A beak and pedi

The talons and beak of wild birds in captivity grow and they aren't naturally trimmed as well as in the wild. In the wild they would chew more on bones and such things more than they have the opportunity to do in captivity. Ghost the Snowy Owl's diet is mainly mice and he eats them whole. I vary his diet from time to time with rabbit, chicks, rats and pheasant. He also chews on the astro turf that I have on his perches. But his beak still grows and needs a little help being trimmed or coped.

Ghost has never needed his beak coped before. His talons get trimmed several times a year though. He maintains his beak pretty good. A few weeks ago, I asked Cindy to check out his beak while we were at a presentation. She said he was borderline needing it coped. So I made an appointment for it to be done today. It's not something you can do by yourself and I know of no one in Bird TLC who has more experience performing them or is there anyone I trust more with Ghost than Cindy.

For something that's not natural to him, having a Dremmel run around his beak, he handled himself well. The whole procedure with talon trimming and all took less than five minutes. Ghost is still molting even though it's getting below freezing at night. When he was let up and got back on fist, feathers went everywhere.

So now he has a healthy shaped beak and trimmed talons. I gave him a frozen mouse as a treat. Maybe I should have offered one to Cindy since she did all the work. Well, thanks anyway Cindy!

Volunteer Orientation

We have a Volunteer Orientation about once every October. It's aimed mainly at volunteers who are interested in presenting the Bird TLC Education Birds. A lot of people see us out in the public presenting these birds, but they don't realize what all is involved. So they get to spend about 6 hours getting a thorough orientation tell them all the good and bad things involved.

Each of our Ed Birds are required by U.S.F.&W.to be shown at 12 presentations per year. Bird TLC requires every Education Presenter to present 12 times a year. Each bird could have several presenters, but most have just one. Last year Ghost and I did 60 presentations together. It would be nice to have another presenter checked off on him to help carry the load.

Each presenter in training is mentored by another presenter that has been checked off on that species and has some good presenting experience and bird handling under their belt. I was mentored by Cindy and after 2 years of presenting Ghost, she still gives me some good pointers.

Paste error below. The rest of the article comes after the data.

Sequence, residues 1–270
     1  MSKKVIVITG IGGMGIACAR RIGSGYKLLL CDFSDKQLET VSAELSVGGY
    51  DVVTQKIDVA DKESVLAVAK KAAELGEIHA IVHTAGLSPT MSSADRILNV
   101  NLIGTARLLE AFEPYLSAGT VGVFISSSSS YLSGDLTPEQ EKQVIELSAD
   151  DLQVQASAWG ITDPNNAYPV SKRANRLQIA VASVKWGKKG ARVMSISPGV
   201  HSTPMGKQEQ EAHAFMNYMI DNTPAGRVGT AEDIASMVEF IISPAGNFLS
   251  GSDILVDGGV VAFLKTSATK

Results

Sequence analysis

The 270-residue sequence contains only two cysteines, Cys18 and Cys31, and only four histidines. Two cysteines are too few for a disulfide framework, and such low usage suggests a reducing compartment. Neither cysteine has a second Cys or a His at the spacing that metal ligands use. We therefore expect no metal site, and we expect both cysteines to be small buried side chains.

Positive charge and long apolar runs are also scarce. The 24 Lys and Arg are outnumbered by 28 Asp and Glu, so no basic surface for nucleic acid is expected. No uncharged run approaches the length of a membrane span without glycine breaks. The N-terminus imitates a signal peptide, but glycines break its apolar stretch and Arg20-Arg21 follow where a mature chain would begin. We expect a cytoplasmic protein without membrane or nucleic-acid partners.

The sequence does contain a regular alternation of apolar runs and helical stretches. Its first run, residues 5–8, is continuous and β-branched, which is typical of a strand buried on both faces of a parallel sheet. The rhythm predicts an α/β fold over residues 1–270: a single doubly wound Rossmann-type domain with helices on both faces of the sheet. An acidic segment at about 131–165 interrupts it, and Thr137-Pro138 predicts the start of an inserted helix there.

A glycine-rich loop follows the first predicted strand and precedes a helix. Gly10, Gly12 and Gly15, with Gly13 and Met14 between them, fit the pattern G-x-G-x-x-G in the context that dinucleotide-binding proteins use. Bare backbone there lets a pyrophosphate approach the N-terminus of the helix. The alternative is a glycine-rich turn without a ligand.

Depending on the person and the bird, it usually takes 3 to 6 months before they are ready to be checked off as a presenter. Large raptors like eagles could take longer. Bird TLC requires eagle presenters in training to take and pass the Alaska Falconry Exam.

Expenses will include buying your own glove, transportation expenses, and leashes. Some presenters help the presenter / caretaker pay for food for the bird, but that is up to the individuals.

Dedication is the key. It all looks like fun and it is, but first the person must be trained with bird handling and the background of the species being presented.

Good luck everyone and I hope to see you presenting soon!

Photo Credit: Dick Williams / Bird TLC

Good things happen

Thanks to our new friends at Rusty's Towing and Recovery, an eyesore was removed from the Bird TLC property over looking Potter Marsh.

Over a month ago someone or someones deposited this relic over the bluff making it extremely hard to retrieve. Also, with the end of summer, the ground was real muddy, so a recovery vehicle couldn't get back into where it needed to.

I called Rusty about 2 weeks ago. He asked for me to call back when the ground had hardened. It finally had and he sent a wrecker out in between other jobs. What's humorous is that Dave the wrecker driver had just dropped an injured yellow warbler off at the clinic this morning. Before that he had never heard of us.

You could tell that Dave had done this type of job before. He had the experience, the personality and the truck. TLC volunteer Greg took the cable down the bluff and attached it to the car. Within 15 minutes it was at the top and ready to go to the junk yard.

Thanks to some misguided citizens we aquired this car. Thanks to a generous local businessman in our community and his professional employee we had this fine Detroit specimen removed. Thier phone number will be the only one I give out when someone needs their service.

Rusty and Dave, Thanks a bunch!!!!

New blog

I had nothing else to do, so I started another blog. I call it Around Anchorage. My stories and lots of pictures will be what adventures Ruth and I go on around our home town and some from around the state. I still have some fine tuning to do but it's up and running at Around Anchorage.

This in no way will effect this blog. I'll still be doing Bird TLC related stories here as always. Check it out and let me know wha you think.

#1 is Done

Alex Katzenson from BSA Troop 230 was able to raise the funds to purchase the materials and build Bird TLC a much needed new mew #1. With his crew that he assembled he started and completed construction in 5 days.

Alex had several challenges to work with.